Dowling wants the audience to stop worrying about where they are. “It’s on the Abbey stage is where it is, and it’s a drama unfolding in front of you and you’re there – you’re part of it.”
In recent adaptations, through multi-ethnic casting, some directors have played down elements of race to interrogate the traditions of the play. What is the intention here?
“Race is a huge factor and it is a complicated issue,” says Dowling. Othello will always be an outsider – even the use of ‘Moor’, rather than his name, is an offensive way of treating him. However, in the litany of motives Iago uses for his treachery, Othello’s race is never mentioned.”
Dowling notes that “for an actor of colour, playing Othello can be a difficult experience. The actor has to avoid the danger of seeming very gullible in the face of Iago’s accusations.”
Although Dowling wanted his warrior Othello to be vulnerable in his love, “One of the things Peter [Macon, the American actor in the lead role] talked about a lot in rehearsal, and quite rightly so, was he did not want Othello to be a fool, easily duped”.
The fourth Othello
This is Macon’s fourth time playing Othello. “It’s the kind of play that lends itself to keep digging,” the actor says. He welcomes the chance to play to “an Irish ear”.
This production has a “sort of modern-y feel to it”, he says, which gave him room to play. “No one really knows where he’s from. The time before last I did it, it was very Game of Thrones-y: big epaulets and boots and swords”, and he played it with a “full-on mixture of a Moroccan and a sub-Saharan western African tonality”.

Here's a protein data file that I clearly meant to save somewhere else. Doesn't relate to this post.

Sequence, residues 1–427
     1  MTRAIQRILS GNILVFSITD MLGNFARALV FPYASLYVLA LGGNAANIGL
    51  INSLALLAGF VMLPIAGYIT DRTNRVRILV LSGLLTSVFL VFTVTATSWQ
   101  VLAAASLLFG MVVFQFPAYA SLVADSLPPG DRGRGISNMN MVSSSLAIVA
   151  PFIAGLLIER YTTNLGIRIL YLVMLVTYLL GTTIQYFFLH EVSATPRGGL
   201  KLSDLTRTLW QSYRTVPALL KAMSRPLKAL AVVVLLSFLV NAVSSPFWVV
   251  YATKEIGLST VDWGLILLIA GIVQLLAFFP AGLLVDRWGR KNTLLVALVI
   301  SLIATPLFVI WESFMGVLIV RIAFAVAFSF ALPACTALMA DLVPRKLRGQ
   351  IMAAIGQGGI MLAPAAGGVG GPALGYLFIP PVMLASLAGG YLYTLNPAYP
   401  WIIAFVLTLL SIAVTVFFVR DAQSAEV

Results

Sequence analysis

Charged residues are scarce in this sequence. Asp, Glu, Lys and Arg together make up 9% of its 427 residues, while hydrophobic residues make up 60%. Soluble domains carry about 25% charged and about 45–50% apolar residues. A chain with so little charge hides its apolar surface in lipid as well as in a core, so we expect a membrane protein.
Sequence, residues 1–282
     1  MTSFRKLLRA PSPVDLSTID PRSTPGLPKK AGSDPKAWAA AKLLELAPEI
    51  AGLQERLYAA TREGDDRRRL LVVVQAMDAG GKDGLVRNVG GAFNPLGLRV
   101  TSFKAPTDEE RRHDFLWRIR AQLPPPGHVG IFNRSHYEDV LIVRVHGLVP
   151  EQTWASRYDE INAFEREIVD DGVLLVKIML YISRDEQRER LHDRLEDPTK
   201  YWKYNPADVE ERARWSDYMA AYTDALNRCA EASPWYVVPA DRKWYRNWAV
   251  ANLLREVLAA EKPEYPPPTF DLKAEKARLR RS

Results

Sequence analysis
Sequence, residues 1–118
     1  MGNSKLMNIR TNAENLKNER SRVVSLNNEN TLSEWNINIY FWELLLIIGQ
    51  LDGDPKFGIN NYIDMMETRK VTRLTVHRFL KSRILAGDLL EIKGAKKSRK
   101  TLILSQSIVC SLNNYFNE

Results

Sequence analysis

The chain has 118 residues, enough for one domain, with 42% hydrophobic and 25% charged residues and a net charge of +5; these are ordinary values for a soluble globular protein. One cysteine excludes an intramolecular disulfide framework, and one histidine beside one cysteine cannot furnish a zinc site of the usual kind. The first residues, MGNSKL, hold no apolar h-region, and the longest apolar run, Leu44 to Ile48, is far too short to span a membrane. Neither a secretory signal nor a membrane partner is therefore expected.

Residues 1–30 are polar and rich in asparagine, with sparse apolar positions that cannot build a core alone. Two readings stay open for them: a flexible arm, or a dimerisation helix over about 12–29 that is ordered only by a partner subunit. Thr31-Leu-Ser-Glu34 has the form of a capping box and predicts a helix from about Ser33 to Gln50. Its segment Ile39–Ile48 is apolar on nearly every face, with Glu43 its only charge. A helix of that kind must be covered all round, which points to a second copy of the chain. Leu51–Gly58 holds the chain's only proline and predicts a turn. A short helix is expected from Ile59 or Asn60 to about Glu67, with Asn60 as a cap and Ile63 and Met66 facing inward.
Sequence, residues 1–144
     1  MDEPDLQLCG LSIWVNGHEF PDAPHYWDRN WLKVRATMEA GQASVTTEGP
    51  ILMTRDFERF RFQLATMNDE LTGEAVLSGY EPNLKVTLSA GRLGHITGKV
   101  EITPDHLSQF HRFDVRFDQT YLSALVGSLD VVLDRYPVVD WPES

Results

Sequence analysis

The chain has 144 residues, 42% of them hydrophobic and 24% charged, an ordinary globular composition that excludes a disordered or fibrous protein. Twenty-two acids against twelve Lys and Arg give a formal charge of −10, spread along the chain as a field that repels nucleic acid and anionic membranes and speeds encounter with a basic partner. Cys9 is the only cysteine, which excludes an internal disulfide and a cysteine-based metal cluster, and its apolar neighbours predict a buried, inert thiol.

But here he’s playing against a Belfast-accented Iago, so “you only stretch it so far. I decided to ‘exotify’ him just a little bit”, to give a sense of the outsider. “If I just spoke in an American accent, I think it would be confusing and unfair to the world we’ve created.”
He has played the role in big outdoor theatres, but in the Abbey he can “really find vulnerable moments, whispering almost, just to pull people in. I look forward to seeing what happens – I’m still playing with it.”
How does Macon remove the barrier of Shakespearean language and make it feel real for the audience? “The only thing I can do is be absolutely clear about what I’m saying. I think there is a sort of intrinsic truth, even if we don’t really understand what specifically is being said. Like, I saw The Plough and the Stars here, and I saw Juno and the Paycock up at the Gate. It took, like, five minutes to really tune my ear, but once you’re in the world . . .”
He looks to the younger members of the audience to see how he’s doing. “That’s sort of my meter. Last week there were these two little boys, I think they might have been seven or eight years old – and they were with it.”
When I mention Dowling’s idea of Othello as a political thriller to Macon, he is unsure. “It can be. Sure. There’s racism riddled in the play . . .”